The work is dedicated to Frank Brieff and the New Haven Symphony Orchestra.
In many years of composing I have never ceased to be fascinated by the nature of inspiration and the process by which a creative artist is able to say at a given moment: this decision, this choice is final and inevitable. The creation of a composition is made out of hundreds of such “final and inevitable” decisions. But how does the composer know the choice is final? Talent, knowledge of one’s craft and hard work are not the whole answer, and to what extent deeply embedded, complex intuitive processes enter into such “decisions” remains one of the wondrous mysteries of creation.
But the nagging suspicion lingers, that occasionally a choice may not really have been “final” and the question arises whether there were not some alternatives left unexplored. In Consequents I have worked with this idea of following up certain decisions with alternate choices. That is to say, a certain phrase or musical thought in the 1st movement which moved in a certain direction and had certain “Consequents,” would be taken up again in, let us say, the 4th movement and this time move in a different direction with totally different “Consequents.” Although inherently a variation principle, this procedure differs from orthodox variation techniques in that it does not vary the original material as much as it points it in a different direction. Moreover, the subject which is carried is not a theme or primary musical thought, as in the traditional concept of variation, but may be some incidental secondary material, hardly noticed in its first appearance, but now taken up again as a new generating idea. Thus an intricate network of subtle relationships is developed between the four movements of the work, and the listener may find himself suddenly rehearing something previously stated in a different context, like some strange dream-like memory.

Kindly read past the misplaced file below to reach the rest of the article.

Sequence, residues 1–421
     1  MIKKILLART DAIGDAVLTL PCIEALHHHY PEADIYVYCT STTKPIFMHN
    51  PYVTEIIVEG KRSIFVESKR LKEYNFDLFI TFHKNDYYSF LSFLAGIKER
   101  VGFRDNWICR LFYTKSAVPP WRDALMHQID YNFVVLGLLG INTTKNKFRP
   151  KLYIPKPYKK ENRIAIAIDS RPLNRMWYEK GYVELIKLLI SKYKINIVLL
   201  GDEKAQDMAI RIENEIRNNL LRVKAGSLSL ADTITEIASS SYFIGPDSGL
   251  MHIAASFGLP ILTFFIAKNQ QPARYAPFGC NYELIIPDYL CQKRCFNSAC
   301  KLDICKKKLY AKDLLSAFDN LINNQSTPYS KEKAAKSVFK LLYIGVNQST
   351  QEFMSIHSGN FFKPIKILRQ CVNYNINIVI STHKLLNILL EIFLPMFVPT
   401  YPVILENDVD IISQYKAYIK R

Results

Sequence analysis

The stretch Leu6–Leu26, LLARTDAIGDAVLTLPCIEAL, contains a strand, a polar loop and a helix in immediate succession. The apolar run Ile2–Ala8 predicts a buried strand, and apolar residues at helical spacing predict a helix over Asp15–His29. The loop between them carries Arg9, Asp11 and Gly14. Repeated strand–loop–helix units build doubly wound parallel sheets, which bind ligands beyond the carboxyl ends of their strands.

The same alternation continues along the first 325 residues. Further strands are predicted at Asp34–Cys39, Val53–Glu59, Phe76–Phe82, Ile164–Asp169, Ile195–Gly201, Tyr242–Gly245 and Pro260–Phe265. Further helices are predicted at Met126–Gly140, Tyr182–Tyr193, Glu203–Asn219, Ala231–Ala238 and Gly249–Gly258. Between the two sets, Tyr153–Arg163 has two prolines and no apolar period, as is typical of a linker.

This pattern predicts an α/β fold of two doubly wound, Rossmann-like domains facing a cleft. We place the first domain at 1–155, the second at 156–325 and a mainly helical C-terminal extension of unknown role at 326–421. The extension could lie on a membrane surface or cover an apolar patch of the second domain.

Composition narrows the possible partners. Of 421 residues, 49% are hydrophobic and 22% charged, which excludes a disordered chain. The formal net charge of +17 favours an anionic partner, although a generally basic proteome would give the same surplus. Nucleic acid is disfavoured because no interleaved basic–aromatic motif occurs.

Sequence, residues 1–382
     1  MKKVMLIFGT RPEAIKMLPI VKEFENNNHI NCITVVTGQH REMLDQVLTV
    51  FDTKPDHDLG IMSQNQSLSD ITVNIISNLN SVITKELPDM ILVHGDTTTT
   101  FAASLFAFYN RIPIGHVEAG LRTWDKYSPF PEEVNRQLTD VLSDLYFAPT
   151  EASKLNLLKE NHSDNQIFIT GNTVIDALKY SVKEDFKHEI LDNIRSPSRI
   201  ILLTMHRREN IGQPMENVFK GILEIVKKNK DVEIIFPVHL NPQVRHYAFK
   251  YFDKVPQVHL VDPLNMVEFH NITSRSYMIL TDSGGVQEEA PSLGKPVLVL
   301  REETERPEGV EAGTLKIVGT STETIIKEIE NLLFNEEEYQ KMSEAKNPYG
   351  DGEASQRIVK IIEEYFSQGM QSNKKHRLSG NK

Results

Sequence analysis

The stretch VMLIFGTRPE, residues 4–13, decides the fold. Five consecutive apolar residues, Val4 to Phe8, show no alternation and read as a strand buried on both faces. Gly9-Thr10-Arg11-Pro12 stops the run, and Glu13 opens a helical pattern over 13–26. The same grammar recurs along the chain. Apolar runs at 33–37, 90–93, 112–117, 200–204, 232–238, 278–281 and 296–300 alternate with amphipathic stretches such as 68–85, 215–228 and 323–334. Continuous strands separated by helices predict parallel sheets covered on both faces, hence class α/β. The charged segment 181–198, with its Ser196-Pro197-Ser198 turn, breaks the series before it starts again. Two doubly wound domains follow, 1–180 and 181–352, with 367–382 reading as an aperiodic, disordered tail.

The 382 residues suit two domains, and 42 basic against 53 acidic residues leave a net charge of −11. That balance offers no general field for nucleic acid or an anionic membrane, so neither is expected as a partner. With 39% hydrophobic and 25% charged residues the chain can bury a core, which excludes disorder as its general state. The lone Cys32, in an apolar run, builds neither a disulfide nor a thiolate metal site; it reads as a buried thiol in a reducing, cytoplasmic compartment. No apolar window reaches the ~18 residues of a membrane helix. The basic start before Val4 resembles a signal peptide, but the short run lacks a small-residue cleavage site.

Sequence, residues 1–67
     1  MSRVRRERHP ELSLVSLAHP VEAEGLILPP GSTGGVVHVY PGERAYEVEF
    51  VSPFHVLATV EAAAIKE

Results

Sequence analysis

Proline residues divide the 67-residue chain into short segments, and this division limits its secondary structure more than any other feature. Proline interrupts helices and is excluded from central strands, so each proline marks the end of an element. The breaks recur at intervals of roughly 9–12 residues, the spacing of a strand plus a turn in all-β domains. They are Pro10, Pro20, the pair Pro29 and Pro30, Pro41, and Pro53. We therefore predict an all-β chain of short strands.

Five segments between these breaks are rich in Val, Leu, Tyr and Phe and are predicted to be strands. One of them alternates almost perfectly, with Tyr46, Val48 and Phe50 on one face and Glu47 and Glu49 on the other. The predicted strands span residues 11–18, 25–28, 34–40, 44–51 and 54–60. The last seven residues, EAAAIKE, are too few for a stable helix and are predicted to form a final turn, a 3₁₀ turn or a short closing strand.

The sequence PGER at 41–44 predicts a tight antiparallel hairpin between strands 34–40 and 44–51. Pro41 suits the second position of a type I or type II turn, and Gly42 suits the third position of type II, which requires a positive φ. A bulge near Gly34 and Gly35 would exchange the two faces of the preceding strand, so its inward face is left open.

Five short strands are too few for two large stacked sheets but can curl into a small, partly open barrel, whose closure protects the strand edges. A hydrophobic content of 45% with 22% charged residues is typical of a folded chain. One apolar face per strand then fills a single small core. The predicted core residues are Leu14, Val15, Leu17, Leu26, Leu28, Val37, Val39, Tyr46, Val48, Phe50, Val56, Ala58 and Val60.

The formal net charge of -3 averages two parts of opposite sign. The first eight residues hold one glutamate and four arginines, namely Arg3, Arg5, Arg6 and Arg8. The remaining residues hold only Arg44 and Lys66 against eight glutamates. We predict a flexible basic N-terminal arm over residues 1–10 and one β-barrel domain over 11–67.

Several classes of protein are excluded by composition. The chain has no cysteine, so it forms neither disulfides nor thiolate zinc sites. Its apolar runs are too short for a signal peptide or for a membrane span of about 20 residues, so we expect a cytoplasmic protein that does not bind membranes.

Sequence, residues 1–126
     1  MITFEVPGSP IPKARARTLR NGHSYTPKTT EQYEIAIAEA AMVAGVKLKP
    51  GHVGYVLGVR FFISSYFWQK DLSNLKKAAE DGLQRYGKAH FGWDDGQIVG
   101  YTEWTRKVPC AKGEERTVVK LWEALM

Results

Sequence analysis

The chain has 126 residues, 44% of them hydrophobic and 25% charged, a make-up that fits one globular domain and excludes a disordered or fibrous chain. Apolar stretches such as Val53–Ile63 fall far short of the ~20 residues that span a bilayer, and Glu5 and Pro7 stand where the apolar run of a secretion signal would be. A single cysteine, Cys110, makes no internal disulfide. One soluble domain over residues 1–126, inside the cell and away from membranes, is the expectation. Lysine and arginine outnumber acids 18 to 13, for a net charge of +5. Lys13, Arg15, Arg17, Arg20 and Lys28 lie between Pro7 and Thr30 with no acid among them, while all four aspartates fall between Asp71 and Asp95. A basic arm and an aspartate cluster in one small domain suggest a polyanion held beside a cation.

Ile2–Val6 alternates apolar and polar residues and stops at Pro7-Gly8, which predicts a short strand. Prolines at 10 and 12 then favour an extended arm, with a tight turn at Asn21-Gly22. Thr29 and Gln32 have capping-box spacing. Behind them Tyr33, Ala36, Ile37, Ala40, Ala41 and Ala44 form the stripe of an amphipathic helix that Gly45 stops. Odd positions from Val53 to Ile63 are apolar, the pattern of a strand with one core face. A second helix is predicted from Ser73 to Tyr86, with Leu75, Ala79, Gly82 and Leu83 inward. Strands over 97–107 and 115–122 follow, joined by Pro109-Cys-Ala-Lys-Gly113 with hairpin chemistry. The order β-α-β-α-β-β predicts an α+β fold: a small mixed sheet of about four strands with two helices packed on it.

Another characteristic of the work one which is developed in a variety of ways is the element of contrast. Very agitated sections little explosions as it were are constantly contrasted with very quiet and substantial passages. Timbral and registral differences are used to emphasize these contrasts, thus, for example, this idea first exposed in the 1st movement reappears in a more complex form in the 3rd movement in which two sustained solo violins constantly surface through otherwise complex texture, acting as little points of composure and simplicity in a basically restless movement.
The 2nd movement has a three-part ABA form in which the B Section is mostly a “controlled improvisation” by the orchestra. Notes, rhythms, dynamics are indicated, but the exact rendition is determines by the individual players within the general frame provided by the conductor.